All bathroom finishes must be ‘wet room’ compliant – cabinets must be made from water-resistant materials and floors must be non-slip when wet – but the next big thing in bathroom technology, according to Cameron Frazer from Ask An Architect, the building advisory service of the Australian Institute of Architects, is nanotechnology.
Nanotechnology makes it much easier to keep surfaces clean and sterile. A coating can be applied to glass, ceramic, metal, concrete and other finishes, which prevents the build-up of mould, fungus, lime, water stains and metal tarnish, and it minimises corrosion. Certain glass and ceramic nanotechnology products claim to protect your bathroom finishes for up to 10 years and reduce your cleaning by 90 per cent.
Some other water-resistant product tips include:
Choose epoxy grout for all wet areas to avoid staining and bacterial growth, including mould.
When it comes to waterproofing membranes, polyurethane membranes are cheaper than latex premium products. Talk to your tiler or builder about the best waterproofing material for your home – including acoustic membranes for noise reduction.
If painting choose a primer that contains a fungicide to prevent mildew growth, and select a semi-gloss top coat that is ‘wash and wear’ friendly.
A wide range of water-resistant vinyl wallpapers are now available, and you can add an additional design element to your modern bathroom.
Fixtures and appliances
Bathrooms are becoming much more than just a functional wet room. Here are some product and design trends that are on the rise:
Seamless shower design – more and more showers are being designed without hobs (curbs), so the bathroom floor flows seamlessly into the shower recess. It is not uncommon for showers to be designed without any enclosure at all, or alternatively with glass walls or a walk-in design. The seamless look can be enhanced using recessed shower heads (flush with the ceiling) and linear drainage located close to the wall.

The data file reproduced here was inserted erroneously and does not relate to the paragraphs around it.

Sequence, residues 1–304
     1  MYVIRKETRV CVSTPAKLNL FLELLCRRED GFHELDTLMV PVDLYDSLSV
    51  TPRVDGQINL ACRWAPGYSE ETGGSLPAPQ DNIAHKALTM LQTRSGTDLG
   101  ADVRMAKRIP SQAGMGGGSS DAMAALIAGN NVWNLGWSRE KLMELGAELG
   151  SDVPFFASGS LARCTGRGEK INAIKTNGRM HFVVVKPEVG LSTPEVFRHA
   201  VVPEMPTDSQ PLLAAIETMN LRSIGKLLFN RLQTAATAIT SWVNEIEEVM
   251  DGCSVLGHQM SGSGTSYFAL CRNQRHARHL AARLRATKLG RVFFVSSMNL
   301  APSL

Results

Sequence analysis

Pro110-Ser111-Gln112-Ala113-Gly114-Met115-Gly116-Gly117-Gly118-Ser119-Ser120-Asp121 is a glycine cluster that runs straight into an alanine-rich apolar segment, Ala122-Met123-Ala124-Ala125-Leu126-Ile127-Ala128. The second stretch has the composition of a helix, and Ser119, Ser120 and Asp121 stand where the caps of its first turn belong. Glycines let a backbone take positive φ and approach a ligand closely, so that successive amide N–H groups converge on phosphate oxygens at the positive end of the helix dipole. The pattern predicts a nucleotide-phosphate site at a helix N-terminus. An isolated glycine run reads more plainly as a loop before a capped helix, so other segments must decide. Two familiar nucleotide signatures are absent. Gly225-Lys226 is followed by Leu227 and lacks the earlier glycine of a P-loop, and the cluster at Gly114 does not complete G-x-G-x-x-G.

Going multiple – from double shower heads to double vanities, going multiple can help a household get the most out of a single bathroom, it also adds a touch of luxury. And while single mixer taps are de rigueur these days, there has been a swing back towards traditional tapware, including separate hot and cold fixtures.
Furniture design – it is becoming more common to see decorative lighting and furniture, including seating and tables, incorporated in the space.
High-tech – heated flooring and towel racks can be a nice touch but what about sound and vision? The more time we spend at home and in our bathroom retreats the greater the demand for sound systems, television and computer access in each room in the house.
Tips on choosing the right fixtures and appliances
1. You get what you pay for
According to Frazer, when it comes to bathrooms you generally get what you pay for and it can be expensive. “It’s worth spending more money on bathroom fittings such as taps, toilet, basins etcetera as they will last much longer and not break or require as much maintenance. Take advice from your architect [or designer] as to the quality brands and aspects to look out for – you’d be surprised how the shape of the toilet bowl affects flushing performance.”
2. Sight before you buy
It is extremely important that you sight the materials or fixtures you plan to use in your bathroom before you commit to the purchase. This includes tiles, benchtops, light fixtures, glass work, taps, basins and toilets.
Products can look dramatically different in real life compared to a photograph and you can only judge the feel of a product in person – for example, the finish of the stone tiles you will be walking on all the time or the grip of the vanity taps.
“With finishes you need to check if it will be easy to clean and whether it will be tricky to maintain in the condition you want,” says Wilhelm Harnisch, Chief Executive, Master Builders Australia. “It may look amazing in a magazine and for a few days after install, but if it’s difficult to maintain or incompatible with your lifestyle – kids, pets or a messy partner – it won’t last.”
This is particularly important when a product is being customised, or cut to size, as the work cannot be undone.
Try fixtures out in the showroom and when products (finishes or appliances) are delivered for installation make sure your tradesperson, or you personally, check the condition of the item and that it is the correct product, style and make.